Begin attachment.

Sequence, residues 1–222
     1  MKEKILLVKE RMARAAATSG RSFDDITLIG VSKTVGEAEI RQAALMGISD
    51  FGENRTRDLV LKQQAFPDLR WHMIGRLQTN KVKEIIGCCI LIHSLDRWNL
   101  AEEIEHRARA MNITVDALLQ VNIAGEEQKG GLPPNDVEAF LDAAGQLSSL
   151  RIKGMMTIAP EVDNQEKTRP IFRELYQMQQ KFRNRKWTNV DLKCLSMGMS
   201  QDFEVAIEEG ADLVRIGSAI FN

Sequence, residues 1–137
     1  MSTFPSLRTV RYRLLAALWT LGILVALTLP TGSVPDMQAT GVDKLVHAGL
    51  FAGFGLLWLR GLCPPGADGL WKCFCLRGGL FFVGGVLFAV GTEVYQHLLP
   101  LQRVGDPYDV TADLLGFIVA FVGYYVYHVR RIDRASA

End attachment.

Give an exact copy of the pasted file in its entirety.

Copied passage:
Sequence, residues 1–222
     1  MKEKILLVKE RMARAAATSG RSFDDITLIG VSKTVGEAEI RQAALMGISD
    51  FGENRTRDLV LKQQAFPDLR WHMIGRLQTN KVKEIIGCCI LIHSLDRWNL
   101  AEEIEHRARA MNITVDALLQ VNIAGEEQKG GLPPNDVEAF LDAAGQLSSL
   151  RIKGMMTIAP EVDNQEKTRP IFRELYQMQQ KFRNRKWTNV DLKCLSMGMS
   201  QDFEVAIEEG ADLVRIGSAI FN

Sequence, residues 1–137
     1  MSTFPSLRTV RYRLLAALWT LGILVALTLP TGSVPDMQAT GVDKLVHAGL
    51  FAGFGLLWLR GLCPPGADGL WKCFCLRGGL FFVGGVLFAV GTEVYQHLLP
   101  LQRVGDPYDV TADLLGFIVA FVGYYVYHVR RIDRASA